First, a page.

the lengths prisoners will go through to be treated humanely and the lengths
guards and the state will go through to keep their punishment programs secret.
For a full scope on the Attica Prison Rebellion, see Heather Ann Thompson’s “Blood
in the Water: The Attica Prison Uprising of 1971 and Its Legacy.”

Even though prison reform has been a key topic in today’s
political campaigns, and celebrities like Kim Kardashian, Jay-Z and Meek Mill
have initiated their own fledgling advocacy groups, there will still have to be
an element in existence that merges these thoughts, ideas and trends with
practices that will spearhead legislative change for the long run. One key
example of this is the support and solidarity that protesting concerned
citizens provided to prisoners during the 2016 and 2018 national prison work
stoppages. Bad prison conditions still exist throughout the country, but such
unity provided a buffer for insurance towards any in-prison movements that may
come in the future.

Activism in the age of prisoner resistance has called for a revolution in how prisoner rights organizations are involving themselves with prisoners.

Amani Sawari is an extremely gifted young college
graduate-turned-activist who not only supports prison reform and real change,
but has brought forth various writing platforms and program opportunities
designed to soften the outer shell that has made real change difficult. She is
a writer, founder of Sawarimi, spokesperson for Jailhouse Lawyers Speak, and
national co-ordinator of their Right2Vote campaign with the support of the
Roddenberry Foundation. She has a periodical, free to prisoners, called
Right2Vote Report, which details the on-going efforts to give prisoners their
right to vote back. She also has a section in this periodical and on her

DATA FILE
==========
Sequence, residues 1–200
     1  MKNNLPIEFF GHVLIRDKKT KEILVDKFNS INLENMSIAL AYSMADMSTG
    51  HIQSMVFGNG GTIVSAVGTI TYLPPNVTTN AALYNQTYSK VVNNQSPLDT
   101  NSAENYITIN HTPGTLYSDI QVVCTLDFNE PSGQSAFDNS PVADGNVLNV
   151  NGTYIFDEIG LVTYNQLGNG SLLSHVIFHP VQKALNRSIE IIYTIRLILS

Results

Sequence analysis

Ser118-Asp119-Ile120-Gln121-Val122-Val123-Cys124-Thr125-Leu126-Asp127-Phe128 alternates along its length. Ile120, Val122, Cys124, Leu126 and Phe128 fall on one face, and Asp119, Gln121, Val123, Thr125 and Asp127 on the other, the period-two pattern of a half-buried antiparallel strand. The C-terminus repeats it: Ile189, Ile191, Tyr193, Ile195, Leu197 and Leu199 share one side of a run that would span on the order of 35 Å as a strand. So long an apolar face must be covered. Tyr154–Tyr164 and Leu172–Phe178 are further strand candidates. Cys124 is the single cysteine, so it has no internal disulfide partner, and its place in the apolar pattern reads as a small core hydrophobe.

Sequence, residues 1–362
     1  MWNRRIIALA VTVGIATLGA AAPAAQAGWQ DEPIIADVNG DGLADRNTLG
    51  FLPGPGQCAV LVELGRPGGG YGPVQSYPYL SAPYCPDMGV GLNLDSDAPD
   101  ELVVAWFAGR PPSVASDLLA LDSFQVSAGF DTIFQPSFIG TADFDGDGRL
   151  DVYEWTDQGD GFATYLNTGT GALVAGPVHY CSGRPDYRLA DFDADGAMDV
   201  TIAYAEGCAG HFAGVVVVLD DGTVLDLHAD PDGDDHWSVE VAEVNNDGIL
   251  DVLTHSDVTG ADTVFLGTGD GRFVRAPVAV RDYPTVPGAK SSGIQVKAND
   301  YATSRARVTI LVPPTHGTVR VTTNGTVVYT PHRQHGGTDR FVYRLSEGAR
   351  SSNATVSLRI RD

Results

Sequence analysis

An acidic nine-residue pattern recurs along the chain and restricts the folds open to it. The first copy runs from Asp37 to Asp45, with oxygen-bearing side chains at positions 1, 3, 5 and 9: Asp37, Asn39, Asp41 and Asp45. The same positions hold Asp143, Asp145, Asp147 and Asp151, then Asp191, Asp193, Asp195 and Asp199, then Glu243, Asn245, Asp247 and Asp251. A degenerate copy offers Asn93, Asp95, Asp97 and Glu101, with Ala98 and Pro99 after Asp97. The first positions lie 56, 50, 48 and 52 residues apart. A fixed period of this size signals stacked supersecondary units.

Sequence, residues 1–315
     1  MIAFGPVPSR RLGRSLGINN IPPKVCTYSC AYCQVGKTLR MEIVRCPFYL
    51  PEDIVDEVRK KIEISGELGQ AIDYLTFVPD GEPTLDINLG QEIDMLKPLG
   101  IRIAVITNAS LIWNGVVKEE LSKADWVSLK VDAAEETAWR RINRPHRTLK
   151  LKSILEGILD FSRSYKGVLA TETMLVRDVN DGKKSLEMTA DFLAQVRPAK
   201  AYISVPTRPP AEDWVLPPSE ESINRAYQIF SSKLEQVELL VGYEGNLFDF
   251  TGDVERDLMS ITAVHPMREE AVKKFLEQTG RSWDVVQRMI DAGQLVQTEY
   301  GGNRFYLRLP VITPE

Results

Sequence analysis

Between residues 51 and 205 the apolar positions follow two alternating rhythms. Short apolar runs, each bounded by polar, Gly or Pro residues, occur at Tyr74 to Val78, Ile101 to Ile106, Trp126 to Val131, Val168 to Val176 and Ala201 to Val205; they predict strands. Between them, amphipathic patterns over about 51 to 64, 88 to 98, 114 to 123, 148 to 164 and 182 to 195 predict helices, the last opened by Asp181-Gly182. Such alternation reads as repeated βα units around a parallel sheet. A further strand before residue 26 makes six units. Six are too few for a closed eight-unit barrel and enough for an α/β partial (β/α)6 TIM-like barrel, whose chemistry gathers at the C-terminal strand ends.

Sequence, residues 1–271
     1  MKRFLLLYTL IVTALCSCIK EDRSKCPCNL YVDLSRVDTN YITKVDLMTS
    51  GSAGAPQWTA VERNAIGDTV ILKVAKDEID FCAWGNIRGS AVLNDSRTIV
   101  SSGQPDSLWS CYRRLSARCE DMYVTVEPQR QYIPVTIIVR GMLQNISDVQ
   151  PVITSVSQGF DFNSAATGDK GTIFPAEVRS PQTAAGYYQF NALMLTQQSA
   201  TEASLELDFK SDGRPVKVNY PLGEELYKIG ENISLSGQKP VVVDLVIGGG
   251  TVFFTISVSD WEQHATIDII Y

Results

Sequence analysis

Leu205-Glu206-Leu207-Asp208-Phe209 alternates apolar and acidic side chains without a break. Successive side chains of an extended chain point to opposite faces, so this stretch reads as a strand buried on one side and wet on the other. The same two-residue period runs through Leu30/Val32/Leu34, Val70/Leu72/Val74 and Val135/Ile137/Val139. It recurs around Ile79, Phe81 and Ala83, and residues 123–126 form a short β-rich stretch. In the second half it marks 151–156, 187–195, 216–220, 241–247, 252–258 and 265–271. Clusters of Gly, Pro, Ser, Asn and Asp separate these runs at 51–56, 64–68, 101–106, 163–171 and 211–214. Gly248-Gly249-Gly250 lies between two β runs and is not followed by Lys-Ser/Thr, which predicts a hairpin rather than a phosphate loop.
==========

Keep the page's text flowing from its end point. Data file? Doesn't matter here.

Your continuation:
website that gives prisoners a chance to voice their opinions and ideas via
artwork, essays and poems.

Her efforts often take her from one side of the country to
the next, partnering with organizations such as Prisoner Legal Action Network
(PLAN), Pink Peacock Project and Triple-P Radio, a place that gives lifers
(those with life sentences) a platform to express themselves. A lot of these
organizations and advocates she works with aren’t familiar to the broader
audiences in America, so anyone who’s interested in learning more can contact
Amani Sawari via her website, If you are an activist
working alone or are looking for involvement, Amani is there for you.

Prison reform and positive change is a lot deeper than
legislators passing umbrella bills that target a specific class of prisoners or
ex-cons. Given that the release plans and parole eligibility requirements vary
from state to state, the Maggies, Kates and Amanis approaching from a different
angle and empathetic perspective of the prisoner is a decisive factor in not
only how far prisoner advocacy will go, but how fast change will come as a

Many prisoner rights activists are unaware of each others’
existence, even though they share similar goals; but with the rise of advanced
technology, this is slowly changing, thanks to social media outlets like
Facebook, Twitter and the like. During the civil rights era in the 1960s, the
Martin Luther Kings didn’t have this luxury and had to actually walk the grounds
they sought to change, which often proved to be fatal, and made such
individuals targets of police dog attacks, firehosing, verbal ridicule by